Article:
Nonprofit organizations across the country are struggling with a shortage of volunteers, and many have had to reduce services as a result. In the context of the ongoing pandemic, many long-time volunteers have not returned to their old roles, and organizations are having difficulty attracting new volunteers to replace them. Nonprofits are reporting that staff are working more hours to take on work normally done by volunteers, and that the volunteer shortage is contributing to employee burnout. We also know that 58% of charities (and many more nonprofits) have no paid staff at all and rely completely on volunteers.
Social, economic, and generational trends will likely always affect how individuals volunteer, and the pandemic has significantly disrupted how organizations can attract, engage, and retain qualified volunteers. But, as Volunteer Canada CEO Megan Conway has written, “At our core, we are a nation of givers who will get creative when more traditional paths are not available." One way to “get creative” is to revisit the potential to attract and engage a new generation of volunteers – on their terms – and to cultivate practices that continue to attract and engage young volunteers.
Why should this matter to you and your organization?
- Volunteers are increasingly harder to engage
- Knowing that many long-term volunteers are not returning, attracting and maintaining youth volunteers has never been more important
- Young people have been under-engaged in volunteerism, and possess an enormous potential that has yet to be fully realized
- Young people bring energy, wisdom, and innovation if we know how to engage them
Now is the time to be thinking about and acting on youth engagement. How can you engage youth when there isn’t much recent data or research regarding volunteer engagement with youth? You start by learning how to best engage youth volunteers by hearing directly from young people.
At this workshop, you will learn more about:
- Current volunteerism landscape and some specific challenges in London
- Trends and issues and how understanding trends can help us make informed choices about volunteer program innovations and opportunities
- Tips on engaging, retaining, and working with youth volunteers by hearing directly from a panel of youth
WHO SHOULD ATTEND: Anyone who engages and supports volunteers and also individuals who want how to better engage young people, this could include volunteer manageers, individuals planning events, and/or fundraising professionals.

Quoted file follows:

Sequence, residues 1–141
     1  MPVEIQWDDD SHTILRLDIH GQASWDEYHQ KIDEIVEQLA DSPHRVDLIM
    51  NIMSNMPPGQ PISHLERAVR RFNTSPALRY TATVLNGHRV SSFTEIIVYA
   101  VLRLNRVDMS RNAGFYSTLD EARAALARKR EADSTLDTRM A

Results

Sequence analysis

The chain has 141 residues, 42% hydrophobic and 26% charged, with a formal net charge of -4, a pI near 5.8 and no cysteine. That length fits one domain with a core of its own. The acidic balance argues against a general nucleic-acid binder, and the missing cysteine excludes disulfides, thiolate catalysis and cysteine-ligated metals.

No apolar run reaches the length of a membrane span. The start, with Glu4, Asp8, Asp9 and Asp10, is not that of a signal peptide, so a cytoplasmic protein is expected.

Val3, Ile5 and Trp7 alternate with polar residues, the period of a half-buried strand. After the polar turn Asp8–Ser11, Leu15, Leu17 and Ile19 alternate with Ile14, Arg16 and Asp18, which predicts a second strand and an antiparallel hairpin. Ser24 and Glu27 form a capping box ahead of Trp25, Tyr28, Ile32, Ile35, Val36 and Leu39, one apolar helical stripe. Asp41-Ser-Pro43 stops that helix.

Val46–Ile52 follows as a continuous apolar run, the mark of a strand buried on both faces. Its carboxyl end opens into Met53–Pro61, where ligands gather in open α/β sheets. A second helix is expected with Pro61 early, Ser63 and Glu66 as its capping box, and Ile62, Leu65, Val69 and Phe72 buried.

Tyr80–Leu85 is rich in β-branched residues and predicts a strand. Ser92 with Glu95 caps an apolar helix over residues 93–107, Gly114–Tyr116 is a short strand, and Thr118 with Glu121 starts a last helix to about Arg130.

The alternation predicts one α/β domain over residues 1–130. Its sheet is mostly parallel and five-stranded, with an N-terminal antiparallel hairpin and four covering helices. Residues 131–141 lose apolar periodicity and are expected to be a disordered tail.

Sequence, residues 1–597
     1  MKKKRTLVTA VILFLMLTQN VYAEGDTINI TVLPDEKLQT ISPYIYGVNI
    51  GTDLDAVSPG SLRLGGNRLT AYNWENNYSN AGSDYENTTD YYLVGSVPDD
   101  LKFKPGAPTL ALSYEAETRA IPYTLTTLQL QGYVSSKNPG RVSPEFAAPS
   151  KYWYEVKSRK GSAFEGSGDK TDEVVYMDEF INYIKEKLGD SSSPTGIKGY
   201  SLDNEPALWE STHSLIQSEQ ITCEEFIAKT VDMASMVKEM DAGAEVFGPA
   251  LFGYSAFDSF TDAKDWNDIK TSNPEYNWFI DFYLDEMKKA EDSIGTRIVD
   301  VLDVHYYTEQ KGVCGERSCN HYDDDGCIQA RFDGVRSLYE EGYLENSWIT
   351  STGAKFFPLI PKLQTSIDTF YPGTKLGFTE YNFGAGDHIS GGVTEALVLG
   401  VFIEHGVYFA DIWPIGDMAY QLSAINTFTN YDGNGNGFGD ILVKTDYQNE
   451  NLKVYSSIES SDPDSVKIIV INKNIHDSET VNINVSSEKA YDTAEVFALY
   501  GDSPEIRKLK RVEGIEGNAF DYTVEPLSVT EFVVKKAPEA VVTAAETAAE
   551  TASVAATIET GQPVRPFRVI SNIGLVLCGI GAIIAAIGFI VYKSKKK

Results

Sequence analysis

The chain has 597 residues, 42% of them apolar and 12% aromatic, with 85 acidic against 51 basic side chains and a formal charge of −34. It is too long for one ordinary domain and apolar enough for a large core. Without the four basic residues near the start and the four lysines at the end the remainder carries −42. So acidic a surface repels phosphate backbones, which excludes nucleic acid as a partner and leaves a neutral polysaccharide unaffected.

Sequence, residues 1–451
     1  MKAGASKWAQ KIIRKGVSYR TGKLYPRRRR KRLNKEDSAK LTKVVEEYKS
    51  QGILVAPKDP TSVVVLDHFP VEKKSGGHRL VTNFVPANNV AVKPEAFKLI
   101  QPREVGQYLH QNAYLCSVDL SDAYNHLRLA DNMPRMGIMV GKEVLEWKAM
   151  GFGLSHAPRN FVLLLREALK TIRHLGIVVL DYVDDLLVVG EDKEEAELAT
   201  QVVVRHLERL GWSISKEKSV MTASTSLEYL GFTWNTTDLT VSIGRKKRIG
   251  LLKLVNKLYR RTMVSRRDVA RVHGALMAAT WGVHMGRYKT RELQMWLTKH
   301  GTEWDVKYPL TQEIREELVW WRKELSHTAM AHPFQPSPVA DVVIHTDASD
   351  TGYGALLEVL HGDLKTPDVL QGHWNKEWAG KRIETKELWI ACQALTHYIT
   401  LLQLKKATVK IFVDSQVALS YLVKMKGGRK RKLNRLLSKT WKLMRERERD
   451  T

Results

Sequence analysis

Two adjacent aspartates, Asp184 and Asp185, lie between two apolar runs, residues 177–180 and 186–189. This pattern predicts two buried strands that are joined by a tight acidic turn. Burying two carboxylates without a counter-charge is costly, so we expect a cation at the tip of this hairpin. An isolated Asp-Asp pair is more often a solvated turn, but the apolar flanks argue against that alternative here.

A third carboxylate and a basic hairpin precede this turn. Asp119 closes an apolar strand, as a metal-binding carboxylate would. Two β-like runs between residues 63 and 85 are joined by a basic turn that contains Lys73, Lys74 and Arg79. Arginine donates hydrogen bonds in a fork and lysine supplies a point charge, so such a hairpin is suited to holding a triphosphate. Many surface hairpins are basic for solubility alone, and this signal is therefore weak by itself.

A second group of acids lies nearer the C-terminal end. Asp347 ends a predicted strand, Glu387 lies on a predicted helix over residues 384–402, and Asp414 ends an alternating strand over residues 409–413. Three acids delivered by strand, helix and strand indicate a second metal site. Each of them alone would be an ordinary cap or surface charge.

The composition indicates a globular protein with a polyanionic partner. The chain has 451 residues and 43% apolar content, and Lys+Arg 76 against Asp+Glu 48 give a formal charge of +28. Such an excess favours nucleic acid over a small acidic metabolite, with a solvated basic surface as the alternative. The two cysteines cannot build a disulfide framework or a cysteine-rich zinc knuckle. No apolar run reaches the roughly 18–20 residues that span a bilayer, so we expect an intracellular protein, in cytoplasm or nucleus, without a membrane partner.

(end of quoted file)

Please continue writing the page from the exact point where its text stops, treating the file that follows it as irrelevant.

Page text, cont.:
ADDITIONAL INVESTMENT INFORMATION:
Are you a nonprofit member organization with an operating budget of under $100,000? You may be able to save an additional 50% off the registration fee.
Learn if you are eligible for the NONPROFIT MEMBER DISCOUNT RATE.
ABOUT THE PRESENTERS:
Aditi Basdeo, Youth Engagement Coordinator, Pillar Nonprofit Network
Aditi leads with her heart, from her very first step into the social innovation sector she has pulled on her personal story and challenges as motivators to move beyond the status quo. In 2018, Aditi founded Champions of Change Canada; a nonprofit that focuses on raising awareness for gender equality by empowering youth to lead community-centric fundraisers and campaigns. At Champions Aditi held many roles, from resourcing to marketing but closest to her heart is the role she held as a mentor for young people in her community. Through founding Champions, Aditi realized her passion for designing and building solutions. In her spare time, Aditi can be found at the gym, adventuring in nature with friends, enjoying the sunlight, and in awe of all puppy owners (she really wants one).
Paul Seale, Manager, Public Policy, Advocacy, and Impact, Pillar Nonprofit Network
Paul identifies as an advocate for belonging, seeking opportunities for people to become more engaged in public life, improve their wellbeing, and help to build more inclusive and equitable communities. Paul puts community development practices at the core of his work, convening the region’s volunteer-involved organizations for the London Community Recovery Network, and spearheading Project 51 London, Pillar’s voter engagement initiative for organizations serving young people, newcomers, and low-income earners. An active community practitioner in his spare time, too, Paul’s the founder or co-founder of The London Tweed Ride, the Boyle Musical Theatre Program for Young People, and 123London.